Because the sampling distribution is based on the empty model, where \(\beta_1=0\), we expect the parameter estimates to be clustered around 0. But we also expect them to vary because of sampling variation. Even if we generated a \(b_1\) as high as $10, it would just be the result of random sampling variation.
You can see from the histogram that while it’s not impossible to generate a \(b_1\) of 9 or 10, values such as 9 or 10 are much less frequent than values such as 1 or 1. In this case, the \(b_1\) represents a mean difference between the two conditions. Thus, another way to say this is that it’s easy to randomly generate small mean differences (e.g., 1 or 1) but harder to randomly generate large ones (e.g., 10 or 10).
Just eyeballing the histogram can give us a rough idea of the probability of getting a particular sample \(b_1\) from this DGP where we know \(\beta_1\) is equal to 0. When we use these frequencies to estimate probability, we are using this distribution of shuffled \(b_1\)s as a probability distribution.
Using the Sampling Distribution to Evaluate the Empty Model
We used R to simulate a world where the empty model is true in order to construct a sampling distribution. Now let’s return to our original goal, to see how this sampling distribution can be used to evaluate whether the empty model might explain the data we collected, or whether it should be rejected.
The basic idea is this: using the sampling distribution of possible sample \(b_1\)s that could have resulted from a DGP in which the empty model is true (i.e., in which \(\beta_1=0\)), we can look at the actual sample \(b_1\) and gauge how likely such a \(b_1\) would be if the empty model is, in fact, true.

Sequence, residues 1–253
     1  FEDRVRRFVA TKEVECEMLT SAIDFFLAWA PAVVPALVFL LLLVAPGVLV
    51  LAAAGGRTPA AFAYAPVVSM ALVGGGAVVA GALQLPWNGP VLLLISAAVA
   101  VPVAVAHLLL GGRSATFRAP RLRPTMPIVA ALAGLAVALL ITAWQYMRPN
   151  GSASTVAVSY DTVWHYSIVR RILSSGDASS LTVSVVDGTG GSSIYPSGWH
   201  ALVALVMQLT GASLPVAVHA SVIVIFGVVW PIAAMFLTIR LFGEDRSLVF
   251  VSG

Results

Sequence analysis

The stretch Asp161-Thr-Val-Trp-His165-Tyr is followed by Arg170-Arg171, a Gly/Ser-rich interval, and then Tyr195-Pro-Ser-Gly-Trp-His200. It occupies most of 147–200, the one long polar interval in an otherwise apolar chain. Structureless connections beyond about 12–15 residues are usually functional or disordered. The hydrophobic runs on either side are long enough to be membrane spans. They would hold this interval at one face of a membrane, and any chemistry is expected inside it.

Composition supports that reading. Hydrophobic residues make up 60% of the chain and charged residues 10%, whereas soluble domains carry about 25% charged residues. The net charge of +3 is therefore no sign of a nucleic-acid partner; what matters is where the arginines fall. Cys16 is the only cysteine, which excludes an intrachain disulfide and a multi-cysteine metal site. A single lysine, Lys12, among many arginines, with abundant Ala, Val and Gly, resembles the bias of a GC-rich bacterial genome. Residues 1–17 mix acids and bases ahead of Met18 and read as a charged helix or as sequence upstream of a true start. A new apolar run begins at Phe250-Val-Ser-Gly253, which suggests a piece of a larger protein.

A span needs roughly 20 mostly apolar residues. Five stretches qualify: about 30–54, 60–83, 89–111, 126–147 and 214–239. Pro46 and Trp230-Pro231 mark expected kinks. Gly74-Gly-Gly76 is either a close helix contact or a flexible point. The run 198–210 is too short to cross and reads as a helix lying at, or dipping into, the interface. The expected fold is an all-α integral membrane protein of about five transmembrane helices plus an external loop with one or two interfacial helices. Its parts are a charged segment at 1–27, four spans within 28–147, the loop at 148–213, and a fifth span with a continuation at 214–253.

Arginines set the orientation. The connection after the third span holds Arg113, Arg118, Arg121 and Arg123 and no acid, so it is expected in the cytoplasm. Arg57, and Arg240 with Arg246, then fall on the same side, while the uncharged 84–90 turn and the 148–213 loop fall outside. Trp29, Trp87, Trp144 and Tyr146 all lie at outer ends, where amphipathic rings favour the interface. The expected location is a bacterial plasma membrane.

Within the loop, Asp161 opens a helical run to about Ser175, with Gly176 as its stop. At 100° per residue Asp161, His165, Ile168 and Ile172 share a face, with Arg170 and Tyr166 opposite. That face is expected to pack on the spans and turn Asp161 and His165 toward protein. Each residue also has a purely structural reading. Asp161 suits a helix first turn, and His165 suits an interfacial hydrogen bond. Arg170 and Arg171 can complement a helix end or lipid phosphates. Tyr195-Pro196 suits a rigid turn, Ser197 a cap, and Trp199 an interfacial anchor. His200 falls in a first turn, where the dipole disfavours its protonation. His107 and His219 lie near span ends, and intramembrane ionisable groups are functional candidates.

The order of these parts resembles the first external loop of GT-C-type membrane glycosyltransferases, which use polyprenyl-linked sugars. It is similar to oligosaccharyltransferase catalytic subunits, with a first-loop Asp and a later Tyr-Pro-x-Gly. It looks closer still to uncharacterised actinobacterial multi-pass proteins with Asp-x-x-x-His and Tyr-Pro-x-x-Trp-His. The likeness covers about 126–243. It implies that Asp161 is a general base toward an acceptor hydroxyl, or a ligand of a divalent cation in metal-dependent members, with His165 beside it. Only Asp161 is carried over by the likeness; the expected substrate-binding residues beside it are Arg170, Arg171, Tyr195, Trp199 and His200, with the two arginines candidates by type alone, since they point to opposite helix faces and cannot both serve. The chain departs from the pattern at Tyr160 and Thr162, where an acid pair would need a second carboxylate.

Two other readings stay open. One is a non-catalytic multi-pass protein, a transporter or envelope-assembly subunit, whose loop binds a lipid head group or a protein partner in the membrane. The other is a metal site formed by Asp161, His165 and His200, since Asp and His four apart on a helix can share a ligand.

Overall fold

If we judge the \(b_1\) we observed to be unlikely to have come from the empty model, we then would reject the empty model as our model of the DGP. If, on the other hand, we judge our observed \(b_1\) to be likely, then we would probably just stick with the empty model, at least until we have more evidence to suggest otherwise.
Let’s see how this works in the context of the tipping study, where \(b_1\) represents the average difference in tips between tables that got the handdrawn smiley faces and those that did not.
Samples that are extreme in either a positive (e.g., average tips that are $8 higher in the smiley face group) or negative direction (e.g., $8, representing much lower average tips in the smiley face group), are unlikely to be generated if the true \(\beta_1=0\). Both of these kinds of unlikely samples would make us doubt that the empty model had produced our data.
Put another way: if we had a sample that fell in either the extreme upper tail or extreme lower tail of the sampling distribution (see figure below), we might reject the empty model as the true model of the DGP.
In statistics, this is commonly referred to as a twotailed test because whether our actual sample falls in the extreme upper tail or extreme lower tail of this sampling distribution, we would have reason to reject the empty model as the true model of the DGP. By rejecting the model in which \(\beta_1=0\), we would be deciding that some version of the complex model in which \(\beta_1\) is not equal to 0 must be true. We wouldn’t know exactly what the true \(\beta_1\) is, but only that it is probably not 0. In more traditional statistical terms, we would have found a statistically significant difference between the smiley face group and the control group.
Of course, even if we observe a \(b_1\) in one of the extreme tails and decide to reject the empty model, we could be wrong. Just by chance alone, some of the \(b_1\)s in the sampling distribution will end up in the tails even if the empty model is true in the DGP. Being fooled like this is what is called a Type I Error.